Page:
We need all food companies at the table for sustainable change


The World Benchmarking Alliance’s (WBA’s) first ever Food and Agriculture Benchmark measures and ranks 350 of the world’s most influential food and agriculture companies on their contributions to transforming our global food system. The benchmark builds upon existing frameworks and targets to holistically assess companies from farm to fork on their environmental, nutritional and social impact. The benchmark was launched alongside the 2021 United Nations Food Systems Summit, a critical moment that addressed the interconnectedness of food systems and global challenges such as hunger, climate change, poverty and inequality.

Whilst pressure on the food sector is mounting, many major companies continue to operate business as usual and are not contributing to achieving the Sustainable Development Goals (SDGs). The benchmark data demonstrates that the food and agriculture sector is not on track for transitioning to a sustainable food system. Our key findings reveal worrying gaps in the industry’s preparedness for climate change, progress on human rights and contribution to nutritious diets. The benchmarked companies account for more than half of the world’s food and agriculture revenue, and directly employ over 23 million people. If these companies do not take action now, the SDGs and the Paris Agreement will be further out of sight than ever before. The companies that dominate our global food system are not putting people at the heart of their business or addressing their environmental impact. Providing sustainable livelihoods for farmers, decent employment for workers and nutritious choices for consumers – without depleting natural resources – is essential for the SDG agenda. Yet, the majority of companies perform very poorly.

To have a food system that is fit for present and future generations, food companies have a responsibility to address the environmental, nutritional, and social impacts of their operations and value chains. The sector is a leading contributor to climate change, land degradation and biodiversity loss, risks which have the potential to negatively affect the livelihoods of 500 million smallholder farmers, including some of the world’s most vulnerable people. Additionally, more than one-third of the world’s population cannot afford a healthy diet. The number of people going hungry has risen since the start of the century, and has further increased as a result of the COVID-19 pandemic. Whilst a handful of companies are demonstrating that they are taking necessary steps to implement a sustainable agenda across their business practices, the sector as a whole needs to substantially improve their actions and impact.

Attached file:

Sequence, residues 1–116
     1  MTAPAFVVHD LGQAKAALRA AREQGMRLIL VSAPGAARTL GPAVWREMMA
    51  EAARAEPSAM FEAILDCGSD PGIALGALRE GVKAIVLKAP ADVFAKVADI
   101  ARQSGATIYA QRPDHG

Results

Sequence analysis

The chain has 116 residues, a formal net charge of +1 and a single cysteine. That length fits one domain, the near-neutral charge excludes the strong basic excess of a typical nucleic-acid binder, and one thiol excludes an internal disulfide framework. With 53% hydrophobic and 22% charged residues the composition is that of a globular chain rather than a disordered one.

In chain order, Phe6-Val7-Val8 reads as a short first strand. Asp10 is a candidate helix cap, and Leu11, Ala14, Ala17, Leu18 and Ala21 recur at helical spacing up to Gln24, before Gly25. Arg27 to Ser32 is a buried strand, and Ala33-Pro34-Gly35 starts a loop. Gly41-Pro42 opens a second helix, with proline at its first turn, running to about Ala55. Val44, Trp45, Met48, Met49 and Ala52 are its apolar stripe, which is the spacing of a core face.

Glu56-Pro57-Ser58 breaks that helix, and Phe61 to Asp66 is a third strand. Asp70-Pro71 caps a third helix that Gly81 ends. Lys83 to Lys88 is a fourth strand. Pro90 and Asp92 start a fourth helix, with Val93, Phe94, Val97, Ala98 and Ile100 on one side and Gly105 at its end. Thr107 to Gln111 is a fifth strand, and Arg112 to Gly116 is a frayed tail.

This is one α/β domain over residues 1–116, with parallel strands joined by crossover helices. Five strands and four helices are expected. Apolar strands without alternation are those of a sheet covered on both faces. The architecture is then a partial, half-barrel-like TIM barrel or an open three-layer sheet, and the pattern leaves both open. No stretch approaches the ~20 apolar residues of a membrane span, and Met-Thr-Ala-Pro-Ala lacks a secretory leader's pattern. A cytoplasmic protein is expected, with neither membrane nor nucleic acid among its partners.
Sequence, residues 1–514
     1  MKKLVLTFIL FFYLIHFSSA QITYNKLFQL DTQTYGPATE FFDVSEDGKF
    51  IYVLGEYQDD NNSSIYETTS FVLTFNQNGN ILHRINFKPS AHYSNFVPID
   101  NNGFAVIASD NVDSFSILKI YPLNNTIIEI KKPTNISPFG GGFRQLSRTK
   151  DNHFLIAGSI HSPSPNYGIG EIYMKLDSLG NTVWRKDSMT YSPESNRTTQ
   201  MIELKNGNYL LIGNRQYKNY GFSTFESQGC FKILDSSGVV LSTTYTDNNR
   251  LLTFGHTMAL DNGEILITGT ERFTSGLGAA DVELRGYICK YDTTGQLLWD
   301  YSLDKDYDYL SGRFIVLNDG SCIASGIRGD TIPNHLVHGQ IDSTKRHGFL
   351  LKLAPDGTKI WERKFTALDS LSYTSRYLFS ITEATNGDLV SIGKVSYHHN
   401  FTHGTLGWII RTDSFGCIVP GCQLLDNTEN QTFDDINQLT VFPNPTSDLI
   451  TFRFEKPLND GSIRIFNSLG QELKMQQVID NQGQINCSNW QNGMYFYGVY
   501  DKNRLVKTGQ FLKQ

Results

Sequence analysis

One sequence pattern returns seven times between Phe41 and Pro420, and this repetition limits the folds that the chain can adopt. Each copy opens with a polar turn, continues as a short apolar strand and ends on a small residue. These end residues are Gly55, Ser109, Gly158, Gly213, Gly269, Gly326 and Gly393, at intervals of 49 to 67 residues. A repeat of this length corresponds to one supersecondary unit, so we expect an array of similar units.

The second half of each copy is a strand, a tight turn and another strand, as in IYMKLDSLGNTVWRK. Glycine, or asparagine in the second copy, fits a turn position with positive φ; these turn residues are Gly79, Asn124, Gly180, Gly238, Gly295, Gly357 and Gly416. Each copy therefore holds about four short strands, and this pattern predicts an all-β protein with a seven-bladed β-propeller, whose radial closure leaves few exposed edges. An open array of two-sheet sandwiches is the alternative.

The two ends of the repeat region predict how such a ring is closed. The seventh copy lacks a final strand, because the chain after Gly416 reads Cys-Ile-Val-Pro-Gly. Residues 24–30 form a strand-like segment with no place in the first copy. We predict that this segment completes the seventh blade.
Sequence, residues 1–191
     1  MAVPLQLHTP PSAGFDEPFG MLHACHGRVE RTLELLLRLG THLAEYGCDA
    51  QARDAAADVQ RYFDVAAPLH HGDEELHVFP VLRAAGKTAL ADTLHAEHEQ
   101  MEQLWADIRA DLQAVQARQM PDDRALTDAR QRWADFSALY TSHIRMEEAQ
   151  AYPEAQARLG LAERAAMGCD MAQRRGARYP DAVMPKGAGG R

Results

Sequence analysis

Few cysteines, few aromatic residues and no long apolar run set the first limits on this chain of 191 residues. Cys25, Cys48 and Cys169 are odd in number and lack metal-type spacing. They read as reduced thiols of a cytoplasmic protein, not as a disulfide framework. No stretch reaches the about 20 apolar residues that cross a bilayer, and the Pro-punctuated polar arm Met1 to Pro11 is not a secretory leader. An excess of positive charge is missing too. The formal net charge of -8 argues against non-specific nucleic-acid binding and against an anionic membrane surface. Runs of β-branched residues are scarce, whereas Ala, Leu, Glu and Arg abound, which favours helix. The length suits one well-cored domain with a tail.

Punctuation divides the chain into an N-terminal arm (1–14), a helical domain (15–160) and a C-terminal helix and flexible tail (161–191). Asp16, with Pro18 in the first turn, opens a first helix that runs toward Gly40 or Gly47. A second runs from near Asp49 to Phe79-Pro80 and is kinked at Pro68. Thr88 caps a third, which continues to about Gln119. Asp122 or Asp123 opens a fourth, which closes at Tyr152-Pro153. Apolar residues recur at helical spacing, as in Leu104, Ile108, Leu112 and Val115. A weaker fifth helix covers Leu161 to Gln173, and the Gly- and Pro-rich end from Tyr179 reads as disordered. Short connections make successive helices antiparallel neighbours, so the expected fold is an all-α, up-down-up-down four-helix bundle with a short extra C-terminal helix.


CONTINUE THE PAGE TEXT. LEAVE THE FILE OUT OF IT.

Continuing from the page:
Of the 350 companies in scope, only 11 scored over 50/100 in their assessment. Although there is clearly room for improvement by all, interestingly, one company from five of the six-value chain segments was represented across the top performers. The only segment that did not score over 50/100 are the restaurants & food service companies. This demonstrates that leadership and positive change can and must come from every part of the value chain, supporting the WBA’s guiding principle that a company of a certain size and influence can and must contribute holistically across the food systems transformation agenda. Unilever, Nestlé and Danone, well-known brands, top the overall ranking. But beyond the top performers, scores decrease rapidly. Most strikingly, 229 of all companies assessed are performing below 25/100. However, most of the targets and commitments that companies have set need to be realised at farm level or in the supermarkets and restaurants. If conditions are to improve for the millions who depend on agriculture for their livelihood and the most vulnerable families that cannot afford a healthy diet, we need all companies across the value chain to take action and recognise the role they play in the larger system.

The 2021 UN Food Systems Summit has been a pinnacle moment to address the interconnectedness of food systems with global challenges such as hunger, climate change and poverty. In the lead up to the event, multistakeholder actors have come together to commit to deliver on the 2030 Agenda. In parallel, WBA has been developing this systems-wide benchmark serving as the accountability mechanism for the private sector. We intend to publish a new iteration of the Food and Agriculture Benchmark every two years, tracking performance until 2030. With less than a decade left it is imperative to act now. Companies from across the sector must become successful drivers of change and demonstrate strong, fair and innovative leadership. Please visit our website for more data and insights, as well as ways you and your organisation can join the Alliance and strengthen the movement of change.

You can access the full results and dataset behind the WBA Food and Agriculture Benchmark 2021 here.

Viktoria de Bourbon de Parma
Food and Agriculture Lead, WBA

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